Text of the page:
Last Friday Asbury Park Superintendent Rashawn Adams announced the varsity football team, the Blue Bishops, would forfeit their first game against Weequahic High School because only 8 players were eligible to play; NJSIAA rules say students must be up to date on coursework and credit completion.
Miraculously, the Blue Bishops will play Keyport High School at 6 pm today. Superintendent Rashawn Adams attributed the forfeiture last week to a paperwork mix-up and a “breakdown in communication,” telling the Asbury Park Press, “I wish that the channels of rectifying it in terms of the gatekeeping or making sure of the checks and balances, there is a bunch of that that is the breakdown.”
In other words, 10 football players (18 are eligible to play today) were eligible all along! How is that possible?
This is an email sent at the end of last May from Kristie Howard, the interim high school principal and Director of Student Services, to all high school staff:
Howard explains she is creating “Day Zero” on June 13th, the deadline for students to make up any missed work to receive full credit for coursework. She followed up with a second email the following week, urging teachers to accomodate all students, including retaking tests and quizzes, in order to “provide them with hope and a plan to pass your class.” Pass those kids, dammit!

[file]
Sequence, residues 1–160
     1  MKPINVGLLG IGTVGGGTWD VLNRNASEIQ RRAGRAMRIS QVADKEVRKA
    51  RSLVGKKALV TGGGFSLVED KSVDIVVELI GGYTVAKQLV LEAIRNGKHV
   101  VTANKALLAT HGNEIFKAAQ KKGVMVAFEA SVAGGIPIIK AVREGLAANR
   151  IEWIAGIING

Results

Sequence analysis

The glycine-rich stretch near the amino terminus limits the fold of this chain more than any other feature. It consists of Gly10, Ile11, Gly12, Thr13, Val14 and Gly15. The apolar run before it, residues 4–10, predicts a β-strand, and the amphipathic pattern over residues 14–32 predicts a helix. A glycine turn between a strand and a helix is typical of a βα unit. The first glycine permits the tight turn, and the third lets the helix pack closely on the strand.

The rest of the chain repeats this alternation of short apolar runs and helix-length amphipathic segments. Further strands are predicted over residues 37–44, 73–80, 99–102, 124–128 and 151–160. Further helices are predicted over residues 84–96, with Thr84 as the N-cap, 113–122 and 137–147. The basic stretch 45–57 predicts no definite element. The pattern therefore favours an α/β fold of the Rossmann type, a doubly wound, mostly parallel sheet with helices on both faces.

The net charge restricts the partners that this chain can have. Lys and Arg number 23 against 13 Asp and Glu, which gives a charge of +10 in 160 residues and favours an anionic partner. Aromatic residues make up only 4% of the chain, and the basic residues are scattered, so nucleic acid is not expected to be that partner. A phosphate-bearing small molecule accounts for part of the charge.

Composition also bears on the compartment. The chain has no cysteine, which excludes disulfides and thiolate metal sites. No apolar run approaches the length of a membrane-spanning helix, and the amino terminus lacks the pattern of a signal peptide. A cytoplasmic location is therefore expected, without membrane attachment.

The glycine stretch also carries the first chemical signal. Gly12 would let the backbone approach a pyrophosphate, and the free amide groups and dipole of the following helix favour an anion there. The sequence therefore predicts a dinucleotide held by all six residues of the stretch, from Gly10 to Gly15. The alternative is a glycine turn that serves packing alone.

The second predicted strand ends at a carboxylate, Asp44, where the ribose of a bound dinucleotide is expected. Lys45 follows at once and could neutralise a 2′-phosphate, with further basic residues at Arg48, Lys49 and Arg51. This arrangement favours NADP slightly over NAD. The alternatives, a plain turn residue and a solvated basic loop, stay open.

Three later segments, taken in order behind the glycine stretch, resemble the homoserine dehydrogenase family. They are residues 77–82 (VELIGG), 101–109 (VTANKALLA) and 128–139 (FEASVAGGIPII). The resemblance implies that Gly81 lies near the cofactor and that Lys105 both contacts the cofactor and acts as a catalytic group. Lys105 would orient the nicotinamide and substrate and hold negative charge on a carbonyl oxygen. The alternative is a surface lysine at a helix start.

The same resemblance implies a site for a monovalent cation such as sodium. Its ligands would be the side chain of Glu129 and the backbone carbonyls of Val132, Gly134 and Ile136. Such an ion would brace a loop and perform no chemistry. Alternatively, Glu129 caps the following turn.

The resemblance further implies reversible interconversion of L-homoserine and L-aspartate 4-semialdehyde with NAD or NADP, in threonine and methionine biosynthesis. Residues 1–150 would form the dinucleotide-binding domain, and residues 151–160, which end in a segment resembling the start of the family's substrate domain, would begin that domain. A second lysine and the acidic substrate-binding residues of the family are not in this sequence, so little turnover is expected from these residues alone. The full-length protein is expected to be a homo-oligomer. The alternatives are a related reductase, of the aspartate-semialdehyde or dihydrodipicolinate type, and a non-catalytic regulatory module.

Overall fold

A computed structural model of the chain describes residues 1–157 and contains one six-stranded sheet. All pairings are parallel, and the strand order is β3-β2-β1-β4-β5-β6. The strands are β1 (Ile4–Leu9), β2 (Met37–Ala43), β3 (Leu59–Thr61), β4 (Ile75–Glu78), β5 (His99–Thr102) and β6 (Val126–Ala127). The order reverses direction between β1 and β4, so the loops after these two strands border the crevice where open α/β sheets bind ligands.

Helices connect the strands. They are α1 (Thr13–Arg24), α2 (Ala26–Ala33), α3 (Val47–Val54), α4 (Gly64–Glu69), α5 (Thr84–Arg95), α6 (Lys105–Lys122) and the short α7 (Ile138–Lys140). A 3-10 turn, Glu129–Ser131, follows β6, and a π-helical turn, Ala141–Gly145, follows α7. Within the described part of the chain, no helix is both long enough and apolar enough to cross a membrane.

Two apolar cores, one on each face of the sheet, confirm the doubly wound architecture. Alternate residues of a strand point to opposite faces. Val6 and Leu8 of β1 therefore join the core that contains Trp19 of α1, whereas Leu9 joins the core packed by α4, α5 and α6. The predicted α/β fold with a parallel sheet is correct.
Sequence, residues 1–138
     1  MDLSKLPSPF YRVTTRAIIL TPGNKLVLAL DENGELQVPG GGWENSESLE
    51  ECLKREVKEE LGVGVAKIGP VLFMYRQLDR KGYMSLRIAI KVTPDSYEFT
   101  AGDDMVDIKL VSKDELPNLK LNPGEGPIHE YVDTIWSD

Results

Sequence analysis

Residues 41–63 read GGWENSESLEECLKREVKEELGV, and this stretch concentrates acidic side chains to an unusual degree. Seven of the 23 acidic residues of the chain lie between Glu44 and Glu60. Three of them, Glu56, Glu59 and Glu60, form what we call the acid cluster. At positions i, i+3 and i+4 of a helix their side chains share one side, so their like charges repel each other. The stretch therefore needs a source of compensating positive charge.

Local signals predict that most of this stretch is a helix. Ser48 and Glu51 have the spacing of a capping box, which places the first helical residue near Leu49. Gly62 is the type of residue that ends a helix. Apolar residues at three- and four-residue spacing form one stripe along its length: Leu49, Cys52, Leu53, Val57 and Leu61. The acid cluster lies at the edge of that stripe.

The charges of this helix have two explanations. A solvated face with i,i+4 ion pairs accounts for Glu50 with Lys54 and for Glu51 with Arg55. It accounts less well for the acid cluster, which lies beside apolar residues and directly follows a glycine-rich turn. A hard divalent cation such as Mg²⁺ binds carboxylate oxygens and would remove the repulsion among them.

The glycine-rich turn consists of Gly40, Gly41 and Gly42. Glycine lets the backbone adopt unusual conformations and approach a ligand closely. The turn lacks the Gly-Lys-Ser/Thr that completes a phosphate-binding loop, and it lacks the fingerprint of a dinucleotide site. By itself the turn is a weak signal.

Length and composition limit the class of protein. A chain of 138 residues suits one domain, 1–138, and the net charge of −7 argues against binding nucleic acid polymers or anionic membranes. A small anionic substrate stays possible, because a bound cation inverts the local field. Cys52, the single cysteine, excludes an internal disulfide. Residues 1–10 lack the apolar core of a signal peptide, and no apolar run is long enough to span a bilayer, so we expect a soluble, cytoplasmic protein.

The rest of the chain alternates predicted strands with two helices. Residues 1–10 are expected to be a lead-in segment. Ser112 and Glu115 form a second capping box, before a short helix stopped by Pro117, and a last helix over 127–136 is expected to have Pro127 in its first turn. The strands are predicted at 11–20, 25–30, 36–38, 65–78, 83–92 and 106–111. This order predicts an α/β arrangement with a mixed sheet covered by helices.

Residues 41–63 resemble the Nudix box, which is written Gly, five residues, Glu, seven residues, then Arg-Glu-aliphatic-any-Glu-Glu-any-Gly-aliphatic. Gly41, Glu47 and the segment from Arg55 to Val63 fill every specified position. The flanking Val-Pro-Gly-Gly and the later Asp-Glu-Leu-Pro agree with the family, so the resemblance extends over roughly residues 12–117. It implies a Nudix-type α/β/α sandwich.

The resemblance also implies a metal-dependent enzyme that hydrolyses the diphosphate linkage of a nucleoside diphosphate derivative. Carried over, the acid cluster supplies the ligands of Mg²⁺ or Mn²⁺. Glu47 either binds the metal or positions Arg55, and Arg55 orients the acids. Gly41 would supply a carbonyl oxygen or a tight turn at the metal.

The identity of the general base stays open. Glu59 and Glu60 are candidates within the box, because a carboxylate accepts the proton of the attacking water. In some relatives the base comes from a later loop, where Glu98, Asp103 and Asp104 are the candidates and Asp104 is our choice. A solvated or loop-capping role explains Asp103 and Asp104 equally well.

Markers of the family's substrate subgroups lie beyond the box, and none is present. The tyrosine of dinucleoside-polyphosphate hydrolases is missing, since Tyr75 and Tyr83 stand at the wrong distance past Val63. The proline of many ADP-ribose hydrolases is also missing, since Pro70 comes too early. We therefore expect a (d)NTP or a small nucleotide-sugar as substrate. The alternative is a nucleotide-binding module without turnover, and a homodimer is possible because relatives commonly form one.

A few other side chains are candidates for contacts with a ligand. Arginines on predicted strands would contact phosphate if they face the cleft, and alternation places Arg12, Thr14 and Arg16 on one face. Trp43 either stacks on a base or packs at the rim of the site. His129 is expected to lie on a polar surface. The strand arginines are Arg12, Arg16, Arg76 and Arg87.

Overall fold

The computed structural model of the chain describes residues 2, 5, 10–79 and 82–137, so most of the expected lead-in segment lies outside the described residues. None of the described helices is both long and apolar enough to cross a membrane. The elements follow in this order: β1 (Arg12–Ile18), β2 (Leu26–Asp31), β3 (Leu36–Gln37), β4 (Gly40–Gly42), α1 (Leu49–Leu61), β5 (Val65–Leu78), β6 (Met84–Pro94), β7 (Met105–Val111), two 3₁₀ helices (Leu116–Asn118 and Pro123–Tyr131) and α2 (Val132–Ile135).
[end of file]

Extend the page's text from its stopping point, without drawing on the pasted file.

So 64 Floor.
In other words, students were given enormous leeway to pass classes and administrators were paying close attention to the credits earned by each student. Since school ended June 23d (10 days after Day Zero) and summer school ended almost a month ago, Adams and his team were —or should have been–well aware of student status in regards to credit completion for competitive sports. Several sources say “Adams made a deal” to ensure students’ eligibllity “because if this was any other school these students would not be participating this quicklly if at all.”
Adams’ action is not an anomoly; that irregularity occurred last week when the students weren’t allowed to play. This, after all, is the school district that invented the 64 Floor, a scheme instituted by then-superintendent Lamont Repollet who mandated that no student ever gets a grade lower than 64. (See here for how this works.) When Gov. Phil Murphy chose Repollet as his Education Commissioner in 2018, the 64 Floor’s lowered standards and expectations for student learning went statewide. But, hey, it’s all for the kids! As Repollet explained to the Senate Budget and Appropriations Committee in May 2019, teachers “weaponize grades” because It’s “a power thing.” The only way to protect students from power-crazed teachers is to forbid them from failing anyone.
The mystery here is not why last week only 8 students were eligible to play football and now 18 are. The mystery is why anyone thought for even an instant that Asbury Park leaders would prioritize learning over image.
This photo of all district administrators was taken today while all schools were in session. This means that no building had administrator inside.